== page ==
Whitechapel: the murder mystery you may have missed

Feature Becky Lea 4 Sep 2013 - 07:00

Becky talks us through the evolution of ITV's acclaimed murder mystery drama, Whitechapel, which begins its fourth series today...

In an age of television flooded with crime dramas about fiendish killers and fierce, battle-worn detectives, it can be difficult for a show, both new and existing, to feel fresh and stand out from the crowd. Returning this week, the fourth series of Whitechapel continues its unique approach of combining the modern with the historical, and weaving its cases around murders which took place in reality with a healthy dose of character-led drama at its heart. I and a small loyal fanbase eagerly await the new series, but with the long gap since the last episode, it might just be one murder mystery that has passed you by.

The series is written by screenwriting duo Ben Court and Caroline Ip, whose first feature was the much underrated The Hole, who manage to weave together the various elements into a compelling crime drama mash-up. The way the plots are formed, developments can sometimes feel a little contrived, but fortunately, Whitechapel continues at such a pace that you can easily forget any jarring moments.

“Could you imagine? A picture of Jack in the eyes of the dead.”

Long before Ripper Street tackled the East End’s most infamous resident, Whitechapel made its way on to the scene with a copycat of Jack the Ripper and throws itself into the plot with great gusto, layering in the historical detail with fictional intrigue and an undercurrent of black humour. Some of the characters’ names are taken from the original Ripper case (the real Joseph Chandler was an inspector who gave evidence at the Annie Chapman inquest) whilst Steve Pemberton’s Ripperologist, Edward Buchan, lays bare the various theories, suspects and canonical murders that could hold the clue to solving the copycat of one of the most famous unsolved cases in history. 

What unfolds is a fascinating take on the Ripper legend, one that both intrigues and infuriates at the same. The combination of Victoriana, with its dark alleyways, cobbled streets and dense fog, and the modern day aesthetic builds an unsettling atmosphere that works well with the chosen killer. This combination is also present and correct in the score, all haunting violins and softly playing pianos. It’s a killer opening (pardon the pun) and Whitechapel has only continued to build on its legacy.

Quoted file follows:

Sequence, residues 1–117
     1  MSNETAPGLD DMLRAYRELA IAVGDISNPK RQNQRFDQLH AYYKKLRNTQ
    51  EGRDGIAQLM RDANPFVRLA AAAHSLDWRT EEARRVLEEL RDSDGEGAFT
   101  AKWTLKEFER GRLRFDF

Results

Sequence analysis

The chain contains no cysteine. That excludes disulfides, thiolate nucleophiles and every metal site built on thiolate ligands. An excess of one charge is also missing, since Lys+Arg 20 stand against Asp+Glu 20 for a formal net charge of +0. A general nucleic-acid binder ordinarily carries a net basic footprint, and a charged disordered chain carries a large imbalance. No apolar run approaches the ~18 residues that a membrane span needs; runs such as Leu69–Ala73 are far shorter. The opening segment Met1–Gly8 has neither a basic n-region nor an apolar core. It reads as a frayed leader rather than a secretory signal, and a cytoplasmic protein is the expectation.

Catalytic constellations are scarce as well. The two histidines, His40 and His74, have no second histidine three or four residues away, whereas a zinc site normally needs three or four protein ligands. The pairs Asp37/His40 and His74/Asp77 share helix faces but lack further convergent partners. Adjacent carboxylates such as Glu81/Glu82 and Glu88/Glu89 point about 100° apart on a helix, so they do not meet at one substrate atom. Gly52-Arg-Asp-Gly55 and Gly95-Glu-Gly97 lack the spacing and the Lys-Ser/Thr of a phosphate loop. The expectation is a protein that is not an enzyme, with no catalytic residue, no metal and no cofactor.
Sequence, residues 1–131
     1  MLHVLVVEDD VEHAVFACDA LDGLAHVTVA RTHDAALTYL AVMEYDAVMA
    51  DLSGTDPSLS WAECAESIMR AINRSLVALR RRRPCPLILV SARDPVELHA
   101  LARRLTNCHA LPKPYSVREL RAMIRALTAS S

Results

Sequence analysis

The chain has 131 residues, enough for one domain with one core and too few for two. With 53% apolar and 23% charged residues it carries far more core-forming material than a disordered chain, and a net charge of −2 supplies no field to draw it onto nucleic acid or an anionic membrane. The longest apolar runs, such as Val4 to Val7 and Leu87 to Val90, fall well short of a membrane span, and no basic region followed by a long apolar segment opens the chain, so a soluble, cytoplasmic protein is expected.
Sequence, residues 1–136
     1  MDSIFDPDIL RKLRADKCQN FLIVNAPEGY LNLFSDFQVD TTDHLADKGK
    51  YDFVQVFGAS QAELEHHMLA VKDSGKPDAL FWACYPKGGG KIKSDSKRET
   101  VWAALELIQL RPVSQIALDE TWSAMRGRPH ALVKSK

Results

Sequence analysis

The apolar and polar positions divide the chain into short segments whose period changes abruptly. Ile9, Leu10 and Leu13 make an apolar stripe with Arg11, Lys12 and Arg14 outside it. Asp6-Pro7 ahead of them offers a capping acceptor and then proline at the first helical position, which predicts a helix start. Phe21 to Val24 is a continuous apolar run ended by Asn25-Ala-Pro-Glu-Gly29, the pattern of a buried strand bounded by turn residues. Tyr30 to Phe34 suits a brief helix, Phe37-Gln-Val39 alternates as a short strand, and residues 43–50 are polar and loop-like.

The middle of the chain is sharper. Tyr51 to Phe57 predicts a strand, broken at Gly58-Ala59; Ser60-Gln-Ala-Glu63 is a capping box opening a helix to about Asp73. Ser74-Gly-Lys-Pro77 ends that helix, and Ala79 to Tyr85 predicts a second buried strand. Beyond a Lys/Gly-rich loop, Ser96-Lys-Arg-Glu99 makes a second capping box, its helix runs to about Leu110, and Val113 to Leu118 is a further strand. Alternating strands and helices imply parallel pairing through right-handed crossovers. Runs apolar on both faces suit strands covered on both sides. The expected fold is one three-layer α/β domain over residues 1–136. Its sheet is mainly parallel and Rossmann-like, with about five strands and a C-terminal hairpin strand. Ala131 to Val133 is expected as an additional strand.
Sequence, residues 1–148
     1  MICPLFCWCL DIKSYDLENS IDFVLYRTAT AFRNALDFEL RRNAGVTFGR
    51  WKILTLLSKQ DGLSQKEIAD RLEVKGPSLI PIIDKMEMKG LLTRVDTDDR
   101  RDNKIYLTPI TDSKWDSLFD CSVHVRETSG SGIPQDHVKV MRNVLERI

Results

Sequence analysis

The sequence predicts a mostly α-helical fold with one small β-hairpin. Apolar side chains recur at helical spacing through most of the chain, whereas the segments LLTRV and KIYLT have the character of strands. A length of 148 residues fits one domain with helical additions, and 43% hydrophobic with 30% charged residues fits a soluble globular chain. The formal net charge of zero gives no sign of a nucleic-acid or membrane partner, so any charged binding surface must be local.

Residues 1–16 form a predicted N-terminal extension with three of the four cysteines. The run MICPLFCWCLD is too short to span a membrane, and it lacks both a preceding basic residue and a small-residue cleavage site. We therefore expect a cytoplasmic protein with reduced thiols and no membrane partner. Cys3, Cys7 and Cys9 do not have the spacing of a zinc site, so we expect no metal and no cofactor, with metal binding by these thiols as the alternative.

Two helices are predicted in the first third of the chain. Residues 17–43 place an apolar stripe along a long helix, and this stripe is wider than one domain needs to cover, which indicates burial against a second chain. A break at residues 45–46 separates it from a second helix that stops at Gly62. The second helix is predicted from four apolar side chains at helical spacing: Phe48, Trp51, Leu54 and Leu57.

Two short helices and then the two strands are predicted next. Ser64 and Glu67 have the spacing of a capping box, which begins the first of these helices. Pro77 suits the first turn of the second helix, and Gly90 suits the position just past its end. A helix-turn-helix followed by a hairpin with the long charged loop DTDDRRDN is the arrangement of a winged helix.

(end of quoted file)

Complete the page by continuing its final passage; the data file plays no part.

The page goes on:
The character-led drama aspect of the show is one of its greater strengths and is backed up with some fine performances from the central trio. The first series doesn’t offer much beyond stereotypical crime genre figures - the ambitious fast-tracker, the put-upon sergeant and the amateur detective who lives with his mum - but as the series has progressed, Chandler, Miles and Buchan have become just as compelling as the unfolding mysteries to the point where it has become one of the aspects I am most looking forward to in their fourth outing.

“I’m not crazy. There’s nothing wrong with me. I can do the job.”

Rupert Penry-Jones took the role of DI Joe Chandler after playing all-round action man Adam Carter in Spooks for several years. It’s a marked change; aside from a strong ambitious streak, the characters share little in common. Chandler is often referred to as a ‘paper policeman’, though he becomes keen to take on as much practical police work as possible. He turns up eager to solve his first murder, a small step before the promotion that he has been promised. However, the lure of the Ripper copycat keeps him with the team before realising that his place really is as the Detective Inspector rather than pushing for further career advancement, remaining in this position after the Ripper case is closed.

Chandler also suffers with Obsessive Compulsive Disorder, something which has become more pronounced as the series has progressed and the job becomes more stressful. There is a particularly harrowing scene during the second series in which he cannot leave a room without turning the light on and off multiple times, despite his increasing frustration. On occasions like this, it hinders his work, but at others, his attention to detail and need for order become crucial in solving the crimes. I’m no expert on the disorder so I couldn’t comment on how accurate a portrayal it is, but Penry-Jones’ combination of charm and insecurity has ensured he remains a fascinating central character.

His chemistry with his co-stars has also been a highlight, particularly the evolving relationship with Phil Davis’ Miles which provides the ‘buddy cop’ element to the show. Davis is about as veteran a character actor as they come, capable of portraying anything from sad-sack husbands to homicidal cabbies with relish. Miles is a detective of the old school who isn’t really so impressed by Chandler coming in and tidying everything up. His grumpiness plays well off Penry-Jones’ enthusiasm and the genuine affection, bemusement and snark with which Miles regards Chandler is often central to the show’s dark humour.